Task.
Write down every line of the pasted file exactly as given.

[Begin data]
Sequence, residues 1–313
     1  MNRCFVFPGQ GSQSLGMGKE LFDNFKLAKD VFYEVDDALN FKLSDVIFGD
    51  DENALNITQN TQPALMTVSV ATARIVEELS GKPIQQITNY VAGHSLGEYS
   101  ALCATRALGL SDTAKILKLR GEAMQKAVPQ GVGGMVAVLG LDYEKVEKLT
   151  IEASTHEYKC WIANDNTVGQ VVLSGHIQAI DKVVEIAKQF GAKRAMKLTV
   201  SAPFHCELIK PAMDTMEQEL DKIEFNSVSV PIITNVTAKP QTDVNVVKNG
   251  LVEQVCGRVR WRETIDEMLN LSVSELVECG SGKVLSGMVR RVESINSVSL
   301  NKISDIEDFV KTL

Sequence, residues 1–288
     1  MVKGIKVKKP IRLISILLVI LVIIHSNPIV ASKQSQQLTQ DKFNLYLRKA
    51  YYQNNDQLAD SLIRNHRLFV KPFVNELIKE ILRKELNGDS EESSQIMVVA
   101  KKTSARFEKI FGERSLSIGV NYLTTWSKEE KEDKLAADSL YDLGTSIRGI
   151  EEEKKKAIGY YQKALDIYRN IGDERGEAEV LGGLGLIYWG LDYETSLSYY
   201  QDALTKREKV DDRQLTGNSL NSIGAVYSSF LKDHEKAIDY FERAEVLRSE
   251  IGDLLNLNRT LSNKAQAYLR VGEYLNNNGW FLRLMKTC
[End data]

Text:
Sequence, residues 1–313
     1  MNRCFVFPGQ GSQSLGMGKE LFDNFKLAKD VFYEVDDALN FKLSDVIFGD
    51  DENALNITQN TQPALMTVSV ATARIVEELS GKPIQQITNY VAGHSLGEYS
   101  ALCATRALGL SDTAKILKLR GEAMQKAVPQ GVGGMVAVLG LDYEKVEKLT
   151  IEASTHEYKC WIANDNTVGQ VVLSGHIQAI DKVVEIAKQF GAKRAMKLTV
   201  SAPFHCELIK PAMDTMEQEL DKIEFNSVSV PIITNVTAKP QTDVNVVKNG
   251  LVEQVCGRVR WRETIDEMLN LSVSELVECG SGKVLSGMVR RVESINSVSL
   301  NKISDIEDFV KTL

Sequence, residues 1–288
     1  MVKGIKVKKP IRLISILLVI LVIIHSNPIV ASKQSQQLTQ DKFNLYLRKA
    51  YYQNNDQLAD SLIRNHRLFV KPFVNELIKE ILRKELNGDS EESSQIMVVA
   101  KKTSARFEKI FGERSLSIGV NYLTTWSKEE KEDKLAADSL YDLGTSIRGI
   151  EEEKKKAIGY YQKALDIYRN IGDERGEAEV LGGLGLIYWG LDYETSLSYY
   201  QDALTKREKV DDRQLTGNSL NSIGAVYSSF LKDHEKAIDY FERAEVLRSE
   251  IGDLLNLNRT LSNKAQAYLR VGEYLNNNGW FLRLMKTC